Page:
Eyeing the big picture | TheUnion.com

Eyeing the big picture

Nevada Union sophomore Erik Flores was named to the Callaway Golf Junior All-Star Team in Orlando last month.
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Get Erik Flores talking golf and the conversation could take quite some time, as he shares his vast experience from the tees to the greens.

He talks of course layout, club selection, and apparently is capable of recalling an entire round of 18 holes – if you’ve got the time.

He loves this game.

And how could he not, having established nearly a scratch handicap and all? He’s honed his game to a level about which all hackers dream.

Of course, he’s also done this at the ripe old age of 15.

The Nevada Union sophomore just added more hardware to a trophy case that must be chock full of awards by now. The most recent addition, however, may be his most prized – so far.

Flores – and only seven other junior boys nationwide – was named to the Callaway Golf Junior All-Star Team at ChampionsGate Golf Club, near Orlando, Fla.

“It feels pretty good, being labeled a rising star or whatever,” he said.

Flores was competing in a championship round of the American Junior Golf Association’s Callaway Golf Junior All-Star Series Championship, Nov. 27-30. He shot a three-day total of 222 (73-75-74) and finished in a tie for fifth in the event. He qualified for the event by placing in the top 10 at six other AJGA events – including a first-place finish at Palm Springs in July.

“It was like the cream of the crop for my age group,” Flores said of the field in Florida. “It was mostly 15-year-olds and a few 16-year-olds. It’s pretty big, showing you can compete with (the best of) your age group.”

But the fact that Flores is competing – and winning – doesn’t sound so surprising, coming from an oddly even-keeled teenager. Not too high, not too low, he keeps his emotions in check.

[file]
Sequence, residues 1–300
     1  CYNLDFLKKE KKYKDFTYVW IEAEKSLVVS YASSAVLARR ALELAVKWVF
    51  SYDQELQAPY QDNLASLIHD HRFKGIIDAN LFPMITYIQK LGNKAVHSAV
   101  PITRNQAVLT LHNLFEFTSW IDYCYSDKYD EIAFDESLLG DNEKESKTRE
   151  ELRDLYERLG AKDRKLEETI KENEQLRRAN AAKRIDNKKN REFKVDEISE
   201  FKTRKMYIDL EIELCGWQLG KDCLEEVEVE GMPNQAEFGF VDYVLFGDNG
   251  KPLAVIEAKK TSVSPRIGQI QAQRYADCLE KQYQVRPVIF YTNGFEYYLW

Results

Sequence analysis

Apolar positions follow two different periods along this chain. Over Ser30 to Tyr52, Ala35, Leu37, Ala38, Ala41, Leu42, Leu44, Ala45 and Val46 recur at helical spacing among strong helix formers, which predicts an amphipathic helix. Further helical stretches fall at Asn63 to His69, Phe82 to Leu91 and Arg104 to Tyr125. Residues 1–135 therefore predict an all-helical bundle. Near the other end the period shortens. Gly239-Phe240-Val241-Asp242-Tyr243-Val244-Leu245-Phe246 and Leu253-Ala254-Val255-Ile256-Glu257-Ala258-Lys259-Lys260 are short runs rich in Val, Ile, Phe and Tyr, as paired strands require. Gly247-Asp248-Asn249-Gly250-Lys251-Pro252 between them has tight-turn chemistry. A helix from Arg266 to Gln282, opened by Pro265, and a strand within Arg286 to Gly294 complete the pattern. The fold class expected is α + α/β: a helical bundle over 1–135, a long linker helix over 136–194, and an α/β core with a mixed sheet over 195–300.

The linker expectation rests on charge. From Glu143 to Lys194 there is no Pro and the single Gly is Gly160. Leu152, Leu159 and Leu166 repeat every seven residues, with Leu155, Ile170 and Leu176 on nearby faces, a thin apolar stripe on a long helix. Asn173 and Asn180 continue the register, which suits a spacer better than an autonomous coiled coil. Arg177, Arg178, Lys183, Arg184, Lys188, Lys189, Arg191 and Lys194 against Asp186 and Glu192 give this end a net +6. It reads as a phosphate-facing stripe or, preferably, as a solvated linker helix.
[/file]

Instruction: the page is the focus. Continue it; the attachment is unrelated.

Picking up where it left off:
Sure he can crush the ball 300 yards, but he’ll tell you he averages 270-280 yards. It’s not the one big drive, nor the one tight pin shot – it’s the whole package, the entire round, the progress over the course of a season.

He’s got his eye on the big picture – a college scholarship – and has apparently left the ego in the rearview mirror.

“Consistency? That’s what I’ve been trying to build on, really, this whole season,” he said. “It doesn’t matter if you shoot an 85 or a 65, that’s not what the colleges are looking for. It really depends on how low you can go on the good days and how low you are on the bad days.”

His performance in the Callaway season series displays that consistency, as he has averaged a 74.1 in 12 competitive rounds of golf. But there is occasionally the bad hole or two. For example, Flores remembered his play on the 17th hole in the final round at ChampionsGate, on which he carded an eight.

“He does get frustrated,” said Flores’ father, Ricardo. “But you have a lot of ups and downs. He actually had a lot more ups in the beginning (of his playing career). Last year was actually his worst down. He was growing a lot and it took a bit of his confidence.

“That happens when you start going through your physical maturity. It happens to all golfers.”

But keeping frustration in check is the key, Flores said. He followed up the eight with a par on the final hole of the tournament, locking up his fifth-place finish.

He began playing golf at age 5, shooting rounds alongside his father. His competitive career started at 9, when he began playing in junior tournaments, in which he said he played between 15 and 20 this summer.

In between tournaments, Flores can often be spotted working on his game at the Auburn Valley Country Club, usually using the short-game facilities.

“It’s a lot of drills – chipping and putting and working on my swing,” he said. “I really don’t play (entire rounds) that much. Maybe once or twice a week.”

If all goes according to plan, Flores would achieve goals such as making the cut at the Junior Amateur and the United States Amateur tournaments. He said teeing off in college is definitely in the mix, but beyond that?

“After college, the next step in my career is to go pro,” he said. “I’m definitely shooting to go pro, but I’m not going to pull a Tiger Woods and leave after two years. Even if I was that good, I’d stay for the degree.”

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